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  1. 1. CIO Page 1 of 6 August, 2010 Page: 40 General News By: Brad Howarth Market: National Circulation: 10695 Type: Australian Magazines Business Size: 3224.82 sq.cms Frequency: Monthly Q JuIylAugust 2010 Copyright Agency Ltd (CAL) licenced copy. Ref: 74690185
  2. 2. CIO Page 2 of 6 August, 2010 Page: 40 General News By: Brad Howarth Market: National Circulation: 10695 Type: Australian Magazines Business Size: 3224.82 sq.cms Frequency: Monthly Beyond the hype, many Australian CIOs are deep in their own cloud implementations BRAD HOWARTH What a difference a year makes. Twelve months ago it was almost impossible to find Australian organisations that had embraced cloud computing. Now pretty much everyone is planning, piloting or executing some form of migration to the cloud. If there was ever doubt that cloud was little more than hype, it was eradicated in April 2010 by Commonwealth Bank of Australia (CBA) group executive for enterprise services and chief information officer, Michael Harte. In a speech to Committee for Economic Development in Australia, Harte declared that never again did he wish to be locked into using proprietary hardware or software and cloud computing was his escape route. Harte is one of many CIOs who have been able to satisfy concerns that initially arose regarding the data security, accessibility and governance of cloud computing. Copyright Agency Ltd (CAL) licenced copy. Ref: 74690185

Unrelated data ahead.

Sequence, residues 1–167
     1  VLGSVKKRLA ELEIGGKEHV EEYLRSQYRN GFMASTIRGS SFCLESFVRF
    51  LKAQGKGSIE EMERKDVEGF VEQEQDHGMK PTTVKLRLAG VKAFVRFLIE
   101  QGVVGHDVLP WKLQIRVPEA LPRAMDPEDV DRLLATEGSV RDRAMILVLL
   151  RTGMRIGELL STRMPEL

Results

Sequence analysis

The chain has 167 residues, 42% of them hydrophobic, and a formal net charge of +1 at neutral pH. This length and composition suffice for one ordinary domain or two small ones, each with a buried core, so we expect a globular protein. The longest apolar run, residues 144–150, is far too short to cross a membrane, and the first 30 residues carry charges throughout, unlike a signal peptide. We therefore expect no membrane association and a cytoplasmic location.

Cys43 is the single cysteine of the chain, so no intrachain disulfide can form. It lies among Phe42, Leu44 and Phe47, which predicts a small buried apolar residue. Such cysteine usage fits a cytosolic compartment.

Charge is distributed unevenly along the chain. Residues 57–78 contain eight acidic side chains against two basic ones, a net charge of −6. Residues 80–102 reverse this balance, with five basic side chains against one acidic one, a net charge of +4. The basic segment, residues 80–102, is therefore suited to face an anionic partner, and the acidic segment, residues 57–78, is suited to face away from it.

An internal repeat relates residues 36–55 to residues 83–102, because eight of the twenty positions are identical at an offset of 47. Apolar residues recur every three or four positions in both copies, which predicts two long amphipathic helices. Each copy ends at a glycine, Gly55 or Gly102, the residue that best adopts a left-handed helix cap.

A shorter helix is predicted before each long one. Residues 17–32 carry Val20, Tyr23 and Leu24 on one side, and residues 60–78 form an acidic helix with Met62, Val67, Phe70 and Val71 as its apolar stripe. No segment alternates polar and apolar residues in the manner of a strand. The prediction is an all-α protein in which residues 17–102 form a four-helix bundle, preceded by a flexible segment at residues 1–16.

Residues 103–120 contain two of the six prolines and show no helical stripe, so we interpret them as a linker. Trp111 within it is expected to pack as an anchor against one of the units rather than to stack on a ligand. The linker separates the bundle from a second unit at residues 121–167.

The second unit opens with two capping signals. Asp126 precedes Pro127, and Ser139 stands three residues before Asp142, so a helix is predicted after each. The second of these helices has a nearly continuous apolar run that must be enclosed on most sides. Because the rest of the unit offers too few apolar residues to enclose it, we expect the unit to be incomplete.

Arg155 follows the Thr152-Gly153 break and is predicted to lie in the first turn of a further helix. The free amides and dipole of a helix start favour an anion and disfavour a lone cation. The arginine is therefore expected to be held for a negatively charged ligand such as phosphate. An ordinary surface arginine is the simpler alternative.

3. 3. CIO Page 3 of 6 August, 2010 Page: 40 General News By: Brad Howarth Market: National Circulation: 10695 Type: Australian Magazines Business Size: 3224.82 sq.cms Frequency: Monthly r Commonwealth Bank of.Australia.ClO and group exeeotiua,far errprfse sarxices,. Michael NarTY. The bank has been investigating ways to buy software and fine-grain components and highly granular data, so that our infrastructure as a service for several years. A trip to the US customers enjoy new services. This is not about some technical in May 2007 included a meeting with Google and a chance breakthrough; it is about supplying customers the services they to investigate its cloud-based services for messaging and email. want - and doing that at value." "It freed up so much resource," Harte says. "And we An initial area of activity has been in test and development, thought, `Wow, wouldn't it be nice if you could do other which Harte says can account for up to 40 per cent of the bank's enterprise-scale activities on public infrastructure, and you server resources. CBA is utilising capacity-on-demand from could partition and secure that'." Savvis and Amazon Web Services for part of the workload. At the time, however, there simply wasn't the business "Once we've developed and tested those capabilities, and motivation for suppliers to make the switch. we have them operating at full production, we can determine "The incumbent service providers, whether it's IBM or EDS, whether they stay outside in the public cloud or [should bed were really struggling with the model because they tend towards brought back inside the corporation," Harte says. "We can their own accounting standards," Harte says. "They still have provision those in under 10 minutes and we can do it at up to their own strong business models. They still wanted to continue a tenth of the cost." to `lock'. They do resist contestability. And those things are the Harte is not alone in his thinking. For many CIOs, the cloud antithesis of what we were trying to do." is a chance to move away from technology strategy and embrace CBA's adoption of cloud computing is more a matter of business strategy, although the definitions of cloud computing business philosophy than technological evangelism. remain a grey area. Westpac, for example, has completed a "We only want to pay for what we use," Harte says. trial of an internal private cloud and plans to bring the service "We want to get out of infrastructure computing and into into production. Copyright Agency Ltd (CAL) licenced copy. Ref: 74690185